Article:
10 Simple Ways to Support Your Liver Health, Boost Detoxification and Support Hormones
The liver is a powerhouse organ. It does everything—and more. In many ways, it operates similarly to the engine of a car. The liver is the body’s primary filtration system, converts toxins into waste (very helpful for hormone health!), cleanses the blood, metabolizes nutrients, and adjusts cholesterol levels. Additionally, the liver provides the body with some of its most important proteins. As such a fundamental piece of the body’s overall structure, supporting the liver is key. Without further ado, let’s dive into practical diet and lifestyle tips to keep your liver functioning well.
Lifestyle Habits That Support The Liver
While your liver may not always be top of mind, a malfunctioning liver is less than ideal. In fact, if your liver stops working, toxins would accumulate, you wouldn’t be able to digest your food, and medications would never leave your body. In fact, you can’t live a week without your liver Yikes. So, below are a few ways to support your liver health and minimize the risk of liver disease.
Be mindful of alcohol consumption.
For women, just two ounces a day of hard liquor can begin to scar the liver.And, did you know that women are more susceptible than men to alcohol’s repercussions? In part, we can thank physiological differences in our chemistry and body structure. In comparison to men, women’s bodies contain proportionately less water and more fat. Because water dilutes alcohol and fat retains it, women’s organs are exposed to higher concentrations of alcohol—for longer periods of time.
Eat to balance blood sugar.
When it comes to avoiding nonalcoholic fatty liver disease, blood sugar balance is key. The liver both stores and manufactures glucose, but consuming too much glucose—in the form of refined carbohydrates and sugar—can disrupt the liver’s ability to naturally regulate blood sugar levels. When in doubt, pair complex carbs (sweet potatoes, bananas, apples, rice, etc.) with protein (hard boiled eggs, cottage cheese, deli turkey, tempeh, etc.) and / or fat (avocado, olives, full-fat cheese, etc.). Fiber is also crucial for liver health!
Move your body.
A combination of both aerobic exercise (think: jogging, cycling, swimming, etc.) and anaerobic movement (weight training) is best for liver function. Aerobic exercise focuses on your cardiovascular system, speeding up the delivery of oxygen to your liver. And anaerobic exercise improves overall strength in bones and muscles. This is important because liver disease often leaves bones susceptible to osteoporosis. Exercise is key for balanced hormones, too!
How Does Liver Health Impact Female Hormones?
If your liver is not functioning optimally—or if you have a liver condition—then your liver may not be able to properly remove estrogen at its normal rate. That means estrogen can be poorly metabolized and can get reabsorbed in the body, leading to a hormonal imbalance. Hello, estrogen dominance. Furthermore, a woman with a sluggish liver can experience other hormone-related woes: heavy or clotted periods, irregular periods, fibroids, hot flashes, and more.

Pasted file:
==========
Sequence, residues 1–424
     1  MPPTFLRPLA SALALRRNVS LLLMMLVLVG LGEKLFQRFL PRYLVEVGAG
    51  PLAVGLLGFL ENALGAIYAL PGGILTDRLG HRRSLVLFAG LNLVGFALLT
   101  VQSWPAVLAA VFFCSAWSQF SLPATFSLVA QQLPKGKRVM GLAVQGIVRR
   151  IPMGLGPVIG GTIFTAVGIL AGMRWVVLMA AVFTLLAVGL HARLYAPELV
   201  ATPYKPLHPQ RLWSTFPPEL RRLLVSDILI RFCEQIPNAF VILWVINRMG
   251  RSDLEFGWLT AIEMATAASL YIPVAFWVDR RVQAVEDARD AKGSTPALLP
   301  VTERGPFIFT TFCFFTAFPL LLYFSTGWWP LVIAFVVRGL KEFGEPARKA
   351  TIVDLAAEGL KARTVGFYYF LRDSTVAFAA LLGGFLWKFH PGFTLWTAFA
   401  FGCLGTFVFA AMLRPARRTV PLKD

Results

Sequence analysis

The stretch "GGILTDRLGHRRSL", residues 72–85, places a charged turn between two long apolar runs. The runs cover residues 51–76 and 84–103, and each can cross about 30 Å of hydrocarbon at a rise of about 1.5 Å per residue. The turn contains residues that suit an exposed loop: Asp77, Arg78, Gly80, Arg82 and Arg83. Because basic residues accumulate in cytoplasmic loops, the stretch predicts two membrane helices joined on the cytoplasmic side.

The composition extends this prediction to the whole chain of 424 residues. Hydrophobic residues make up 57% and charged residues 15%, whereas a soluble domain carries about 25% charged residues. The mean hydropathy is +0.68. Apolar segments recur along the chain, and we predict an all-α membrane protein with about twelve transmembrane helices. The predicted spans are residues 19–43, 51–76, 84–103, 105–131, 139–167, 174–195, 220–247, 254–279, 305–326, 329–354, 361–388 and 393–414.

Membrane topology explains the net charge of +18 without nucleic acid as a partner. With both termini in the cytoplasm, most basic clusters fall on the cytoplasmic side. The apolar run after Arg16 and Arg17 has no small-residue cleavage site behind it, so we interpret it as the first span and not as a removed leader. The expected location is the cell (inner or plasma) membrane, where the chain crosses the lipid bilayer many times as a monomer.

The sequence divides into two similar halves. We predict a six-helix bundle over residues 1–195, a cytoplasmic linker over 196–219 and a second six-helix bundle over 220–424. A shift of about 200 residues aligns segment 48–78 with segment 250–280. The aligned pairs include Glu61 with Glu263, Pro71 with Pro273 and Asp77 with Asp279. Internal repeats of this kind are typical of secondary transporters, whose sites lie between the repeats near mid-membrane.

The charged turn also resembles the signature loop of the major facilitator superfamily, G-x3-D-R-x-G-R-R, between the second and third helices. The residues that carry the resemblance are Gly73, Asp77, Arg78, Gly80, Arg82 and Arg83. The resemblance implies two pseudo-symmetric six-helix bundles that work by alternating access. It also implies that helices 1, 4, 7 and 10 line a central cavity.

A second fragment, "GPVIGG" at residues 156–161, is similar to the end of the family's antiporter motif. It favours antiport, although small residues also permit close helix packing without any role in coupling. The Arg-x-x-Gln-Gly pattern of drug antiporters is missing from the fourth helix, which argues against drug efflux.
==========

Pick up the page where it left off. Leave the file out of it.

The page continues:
Seed Cycling For Liver Health
If you’re new to seed cycling, welcome! See here for our beginner’s guide. When it comes to liver health, seed cycle can be a supportive dietary practice. Particularly during the second phase of your cycle (luteal phase), sesame seeds and sunflower seeds (foods rich in selenium!) help boost progesterone help detox the liver of excess estrogen.
5 Foods To Keep Your Liver Healthy
Fatty Fish: Oily or fatty fish, such as salmon and trout, is a great source of omega-3 fatty acids. In certain cases, nonalcoholic fatty liver disease (NAFLD) is associated with diets that are too high in omega-6 fats and too low in omega-3 fats. So, eating more oily fish can help adjust this balance. Omega-3 fats may slow the progression of NAFLD..
Red grapes: Currently in season, grapes contain fiber and antioxidants. Specifically, grapes contain an antioxidant called resveratrol, which may help prevent further liver damage in people with NAFLD. Studies show that people with NAFLD who take resveratrol supplements made from grape extract may have less inflammation.
Cruciferous veggies: Cauliflower, broccoli, and Brussels sprouts may help increase the liver’s natural detoxification enzymes and protect it from damage. Cruciferous vegetables may also improve blood levels of liver enzymes. Plus, they contain antioxidants and phytochemicals that may help prevent liver cancer.
Beans: To support the liver, the American Liver Foundation recommends reducing saturated fat and red meat. One way to do this is to occasionally replace red meat with beans, lentils, and chickpeas. These legumes are low in saturated fat and are a source of fiber, which is a winning combination that protects liver health.
Coffee: Although coffee often gets a bad rap, it can support liver health! To simultaneously support hormone health, it’s best to drink high quality coffee after breakfast. Coffee has anti-inflammatory and antioxidant properties, and both decaf and caffeinated coffee seem to be beneficial. Studies show that diterpenes in coffee may help with detoxifying actions, which can be beneficial for people with liver fibrosis and cirrhosis.